It is packaged for Linux, and you can install the newest release with their plugins, if you have never tried it, give it a shot.

I came to VSCode from Visual Studio with R#, which undoubtedly affects the way I perceive VSCode, but for me it absolutely flies, even when editing 200MB text files (not that I do that often, just saying)!

I love VSCode, but only have that feeling "it flies" with Sublime Text.

Would you mind please sharing your specs?

Yeah, it is a monster: an HPZBook 15 G3 with a 2.9GHz Xeon E3-1545M CPU and 64GB RAM.

But even on that, Visual Studio is annoyingly slow.

I also have a 2017 13" Macbook Pro don't know the exact specs off-hand; I don't use it often), and VSCode is really fast on that too.

It has as modern a UI as your GTK theme has, so if you have Breeze-gtk it's not terrible.

I'm not sure what the starting comment meant, but there is more to UI than GTK theme, or any theme in general.

That being said, those who haven't tried Geany should most definitely give it a spin.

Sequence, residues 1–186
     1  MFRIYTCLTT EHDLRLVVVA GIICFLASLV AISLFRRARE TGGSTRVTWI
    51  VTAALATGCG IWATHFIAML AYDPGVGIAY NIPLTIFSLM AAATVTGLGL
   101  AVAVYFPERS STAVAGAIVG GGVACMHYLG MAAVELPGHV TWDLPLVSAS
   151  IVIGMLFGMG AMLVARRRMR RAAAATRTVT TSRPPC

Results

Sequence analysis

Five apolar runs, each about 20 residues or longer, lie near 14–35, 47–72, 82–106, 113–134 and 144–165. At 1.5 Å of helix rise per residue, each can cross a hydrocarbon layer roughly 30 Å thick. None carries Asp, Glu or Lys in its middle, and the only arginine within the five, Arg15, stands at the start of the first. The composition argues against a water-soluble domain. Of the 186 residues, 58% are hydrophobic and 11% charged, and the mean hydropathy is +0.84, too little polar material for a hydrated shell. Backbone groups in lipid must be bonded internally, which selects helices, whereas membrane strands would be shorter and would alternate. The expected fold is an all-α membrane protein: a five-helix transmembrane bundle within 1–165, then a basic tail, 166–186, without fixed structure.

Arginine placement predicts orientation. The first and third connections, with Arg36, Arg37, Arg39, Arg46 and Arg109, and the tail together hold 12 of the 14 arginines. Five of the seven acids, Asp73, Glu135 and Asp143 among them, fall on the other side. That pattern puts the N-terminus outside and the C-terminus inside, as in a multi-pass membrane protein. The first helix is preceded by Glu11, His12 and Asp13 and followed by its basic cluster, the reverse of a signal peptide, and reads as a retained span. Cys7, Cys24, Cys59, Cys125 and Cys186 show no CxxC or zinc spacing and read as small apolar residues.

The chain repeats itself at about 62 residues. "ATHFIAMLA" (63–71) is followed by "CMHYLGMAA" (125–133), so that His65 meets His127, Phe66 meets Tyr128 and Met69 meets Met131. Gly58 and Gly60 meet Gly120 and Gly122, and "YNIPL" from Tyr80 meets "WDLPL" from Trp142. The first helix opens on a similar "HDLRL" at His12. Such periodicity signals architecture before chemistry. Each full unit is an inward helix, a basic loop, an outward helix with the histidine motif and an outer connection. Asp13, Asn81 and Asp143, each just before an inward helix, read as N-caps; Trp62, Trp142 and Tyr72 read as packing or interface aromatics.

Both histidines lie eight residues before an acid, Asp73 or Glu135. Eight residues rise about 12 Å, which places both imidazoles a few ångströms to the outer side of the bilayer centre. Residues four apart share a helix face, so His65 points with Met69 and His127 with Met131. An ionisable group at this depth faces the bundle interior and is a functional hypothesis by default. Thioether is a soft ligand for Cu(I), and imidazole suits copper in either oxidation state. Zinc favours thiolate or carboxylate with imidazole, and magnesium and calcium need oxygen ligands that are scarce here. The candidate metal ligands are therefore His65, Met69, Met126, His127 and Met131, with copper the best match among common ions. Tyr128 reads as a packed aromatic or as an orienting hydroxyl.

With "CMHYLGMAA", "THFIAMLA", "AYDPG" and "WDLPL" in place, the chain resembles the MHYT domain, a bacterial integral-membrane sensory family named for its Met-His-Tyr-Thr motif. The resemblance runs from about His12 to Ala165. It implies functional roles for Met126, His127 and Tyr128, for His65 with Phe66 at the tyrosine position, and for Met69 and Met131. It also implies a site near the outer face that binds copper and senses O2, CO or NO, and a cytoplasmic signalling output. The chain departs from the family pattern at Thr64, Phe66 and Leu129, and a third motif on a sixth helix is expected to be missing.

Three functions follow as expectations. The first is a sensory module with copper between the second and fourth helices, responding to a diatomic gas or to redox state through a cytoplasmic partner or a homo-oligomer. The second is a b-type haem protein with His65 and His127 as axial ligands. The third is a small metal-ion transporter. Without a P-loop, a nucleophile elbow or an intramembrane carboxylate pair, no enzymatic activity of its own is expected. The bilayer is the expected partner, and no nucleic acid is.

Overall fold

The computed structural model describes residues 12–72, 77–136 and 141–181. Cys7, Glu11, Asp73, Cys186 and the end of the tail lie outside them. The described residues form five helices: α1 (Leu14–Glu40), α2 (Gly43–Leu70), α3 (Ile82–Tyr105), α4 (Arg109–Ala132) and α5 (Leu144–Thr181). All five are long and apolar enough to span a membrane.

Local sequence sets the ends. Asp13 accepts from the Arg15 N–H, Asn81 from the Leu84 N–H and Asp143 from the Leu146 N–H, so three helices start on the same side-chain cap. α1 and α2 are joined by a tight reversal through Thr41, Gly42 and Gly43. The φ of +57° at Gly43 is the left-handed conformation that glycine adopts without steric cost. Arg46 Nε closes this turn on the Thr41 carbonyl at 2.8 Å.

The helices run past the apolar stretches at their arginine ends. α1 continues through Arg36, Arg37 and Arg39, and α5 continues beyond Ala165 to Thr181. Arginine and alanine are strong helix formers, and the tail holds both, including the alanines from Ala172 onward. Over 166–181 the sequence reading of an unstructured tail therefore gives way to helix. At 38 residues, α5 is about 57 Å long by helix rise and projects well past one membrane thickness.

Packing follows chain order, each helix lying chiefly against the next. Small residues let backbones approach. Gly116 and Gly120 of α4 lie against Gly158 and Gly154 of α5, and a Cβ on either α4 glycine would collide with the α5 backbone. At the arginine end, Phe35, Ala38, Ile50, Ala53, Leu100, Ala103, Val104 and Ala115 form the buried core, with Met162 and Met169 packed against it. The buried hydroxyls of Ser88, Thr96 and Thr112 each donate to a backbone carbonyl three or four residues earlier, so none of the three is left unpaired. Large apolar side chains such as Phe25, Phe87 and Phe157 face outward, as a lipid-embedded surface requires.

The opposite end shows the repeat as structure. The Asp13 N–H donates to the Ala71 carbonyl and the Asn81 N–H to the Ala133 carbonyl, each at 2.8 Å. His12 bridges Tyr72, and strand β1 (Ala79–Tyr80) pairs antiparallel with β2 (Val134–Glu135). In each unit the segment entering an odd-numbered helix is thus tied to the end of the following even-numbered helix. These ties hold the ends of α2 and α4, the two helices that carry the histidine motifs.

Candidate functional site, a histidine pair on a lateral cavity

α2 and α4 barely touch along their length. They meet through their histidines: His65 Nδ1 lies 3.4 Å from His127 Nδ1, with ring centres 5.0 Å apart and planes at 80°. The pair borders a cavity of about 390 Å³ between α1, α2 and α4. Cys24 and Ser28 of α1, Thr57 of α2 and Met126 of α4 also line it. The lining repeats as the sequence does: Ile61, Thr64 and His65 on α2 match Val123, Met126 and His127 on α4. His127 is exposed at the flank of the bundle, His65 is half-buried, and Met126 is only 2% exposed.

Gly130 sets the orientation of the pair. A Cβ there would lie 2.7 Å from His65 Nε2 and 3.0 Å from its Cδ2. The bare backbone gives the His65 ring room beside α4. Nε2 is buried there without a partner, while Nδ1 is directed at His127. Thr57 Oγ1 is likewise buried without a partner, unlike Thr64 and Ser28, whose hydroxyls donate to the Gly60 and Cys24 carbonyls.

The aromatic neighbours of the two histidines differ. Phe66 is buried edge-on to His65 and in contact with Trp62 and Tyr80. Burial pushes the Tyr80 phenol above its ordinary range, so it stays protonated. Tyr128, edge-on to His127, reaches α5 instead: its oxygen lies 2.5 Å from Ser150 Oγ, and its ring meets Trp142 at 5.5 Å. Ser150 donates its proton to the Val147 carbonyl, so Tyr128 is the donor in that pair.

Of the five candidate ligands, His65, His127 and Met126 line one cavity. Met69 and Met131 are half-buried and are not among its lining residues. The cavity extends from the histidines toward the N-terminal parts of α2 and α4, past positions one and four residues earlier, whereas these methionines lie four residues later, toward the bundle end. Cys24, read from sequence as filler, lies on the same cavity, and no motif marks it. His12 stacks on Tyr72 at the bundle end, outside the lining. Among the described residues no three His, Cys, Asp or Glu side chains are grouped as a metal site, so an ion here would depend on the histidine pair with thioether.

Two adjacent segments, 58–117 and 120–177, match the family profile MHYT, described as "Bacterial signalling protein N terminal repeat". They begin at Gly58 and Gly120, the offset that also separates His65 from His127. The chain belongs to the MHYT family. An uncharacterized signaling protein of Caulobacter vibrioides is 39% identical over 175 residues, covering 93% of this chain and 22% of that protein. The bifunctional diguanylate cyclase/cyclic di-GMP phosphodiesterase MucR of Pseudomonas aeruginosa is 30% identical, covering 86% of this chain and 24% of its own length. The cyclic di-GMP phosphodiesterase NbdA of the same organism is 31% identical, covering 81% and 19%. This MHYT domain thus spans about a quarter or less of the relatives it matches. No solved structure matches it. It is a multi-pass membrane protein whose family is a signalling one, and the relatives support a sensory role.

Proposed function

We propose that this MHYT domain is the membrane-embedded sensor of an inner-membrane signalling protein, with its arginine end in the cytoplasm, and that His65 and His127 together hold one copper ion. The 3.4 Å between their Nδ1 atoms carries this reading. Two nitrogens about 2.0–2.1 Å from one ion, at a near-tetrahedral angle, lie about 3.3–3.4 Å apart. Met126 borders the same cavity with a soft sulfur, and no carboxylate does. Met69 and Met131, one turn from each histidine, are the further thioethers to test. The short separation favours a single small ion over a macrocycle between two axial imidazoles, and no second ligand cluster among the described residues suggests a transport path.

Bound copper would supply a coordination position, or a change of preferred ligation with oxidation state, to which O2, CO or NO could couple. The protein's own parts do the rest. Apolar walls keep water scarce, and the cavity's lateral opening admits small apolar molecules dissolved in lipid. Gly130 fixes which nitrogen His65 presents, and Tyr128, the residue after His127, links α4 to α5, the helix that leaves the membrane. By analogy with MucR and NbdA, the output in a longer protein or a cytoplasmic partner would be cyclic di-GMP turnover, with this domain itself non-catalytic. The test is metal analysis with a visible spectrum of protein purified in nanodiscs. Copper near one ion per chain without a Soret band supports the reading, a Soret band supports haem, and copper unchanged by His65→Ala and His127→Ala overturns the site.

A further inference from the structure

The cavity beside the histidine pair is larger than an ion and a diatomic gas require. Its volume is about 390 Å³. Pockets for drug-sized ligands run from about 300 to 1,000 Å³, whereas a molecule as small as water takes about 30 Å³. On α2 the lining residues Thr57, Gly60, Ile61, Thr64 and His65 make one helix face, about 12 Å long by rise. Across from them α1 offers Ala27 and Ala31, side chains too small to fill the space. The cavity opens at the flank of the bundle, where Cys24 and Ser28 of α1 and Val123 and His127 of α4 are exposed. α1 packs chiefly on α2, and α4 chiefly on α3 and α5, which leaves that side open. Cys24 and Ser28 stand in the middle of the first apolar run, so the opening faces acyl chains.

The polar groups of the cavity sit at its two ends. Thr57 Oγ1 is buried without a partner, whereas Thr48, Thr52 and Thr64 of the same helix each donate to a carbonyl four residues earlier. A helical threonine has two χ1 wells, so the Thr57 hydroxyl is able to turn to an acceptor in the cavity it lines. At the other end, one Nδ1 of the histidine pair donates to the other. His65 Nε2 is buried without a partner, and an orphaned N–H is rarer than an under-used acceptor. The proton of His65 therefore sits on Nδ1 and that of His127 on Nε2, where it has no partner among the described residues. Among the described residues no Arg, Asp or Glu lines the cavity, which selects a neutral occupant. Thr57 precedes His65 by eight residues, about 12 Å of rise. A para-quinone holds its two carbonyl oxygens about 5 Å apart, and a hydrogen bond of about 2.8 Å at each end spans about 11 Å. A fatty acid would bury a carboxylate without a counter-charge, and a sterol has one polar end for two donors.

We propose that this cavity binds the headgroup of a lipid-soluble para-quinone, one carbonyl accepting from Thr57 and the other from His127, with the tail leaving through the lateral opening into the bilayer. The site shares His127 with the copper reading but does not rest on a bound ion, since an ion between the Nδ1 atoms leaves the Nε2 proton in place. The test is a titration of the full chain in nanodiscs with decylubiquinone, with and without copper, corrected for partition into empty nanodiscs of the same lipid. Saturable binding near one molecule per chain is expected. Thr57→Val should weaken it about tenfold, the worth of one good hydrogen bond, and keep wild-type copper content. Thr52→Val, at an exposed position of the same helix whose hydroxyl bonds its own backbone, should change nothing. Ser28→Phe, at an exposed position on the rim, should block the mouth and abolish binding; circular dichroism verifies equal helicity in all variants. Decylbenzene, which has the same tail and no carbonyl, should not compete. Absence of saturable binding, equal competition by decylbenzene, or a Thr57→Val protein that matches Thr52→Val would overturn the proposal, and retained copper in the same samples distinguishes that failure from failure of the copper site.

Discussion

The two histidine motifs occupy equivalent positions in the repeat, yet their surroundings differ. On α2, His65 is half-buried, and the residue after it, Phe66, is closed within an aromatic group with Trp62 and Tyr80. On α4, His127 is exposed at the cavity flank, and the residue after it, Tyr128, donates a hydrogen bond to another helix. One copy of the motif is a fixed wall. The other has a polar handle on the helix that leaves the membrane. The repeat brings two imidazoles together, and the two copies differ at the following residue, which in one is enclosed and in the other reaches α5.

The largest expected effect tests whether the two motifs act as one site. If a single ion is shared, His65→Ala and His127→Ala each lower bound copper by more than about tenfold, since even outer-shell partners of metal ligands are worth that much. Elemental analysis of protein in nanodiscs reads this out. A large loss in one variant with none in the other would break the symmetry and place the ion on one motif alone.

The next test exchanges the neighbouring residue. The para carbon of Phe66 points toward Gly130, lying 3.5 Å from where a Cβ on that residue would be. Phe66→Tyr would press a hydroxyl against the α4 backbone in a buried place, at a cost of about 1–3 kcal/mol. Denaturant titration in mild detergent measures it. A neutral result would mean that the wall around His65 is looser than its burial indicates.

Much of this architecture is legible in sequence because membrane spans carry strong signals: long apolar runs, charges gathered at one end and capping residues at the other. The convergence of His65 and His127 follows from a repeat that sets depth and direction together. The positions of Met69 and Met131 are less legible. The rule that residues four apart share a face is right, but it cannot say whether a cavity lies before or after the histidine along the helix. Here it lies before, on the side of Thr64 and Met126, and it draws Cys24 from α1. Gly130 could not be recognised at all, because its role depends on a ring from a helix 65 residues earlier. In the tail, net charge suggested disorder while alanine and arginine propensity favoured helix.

I read it as: the UI is as modern most other applications on your desktop (it uses whatever theme they do)

I feel really nostalgic about Geany. That was my favorite editor back in the time, before I switched to Vim almost 10 years ago. It was pretty solid already. Good to see it's doing well after all these new/modern editors started to pop up.

I also went from Geany to Vim.

I found Geany really useful when I'd just started programming, as it has some useful features, like file browser, symbol list and terminal window, while not being as overwhelming as Eclipse with its project management and autogenerated code, "marketplace" and whatnot.

Very similar story here: About 10 years ago I used it for a few years, eventually I switched (with a new project) to Kdevelop, next to Eclipse (because of Java) and finally to Vim.

But after all that time I still remember Geany very positively as a decent Editor/IDE, not too fancy but as a tool to get the job done. Nice to the see the project still alive.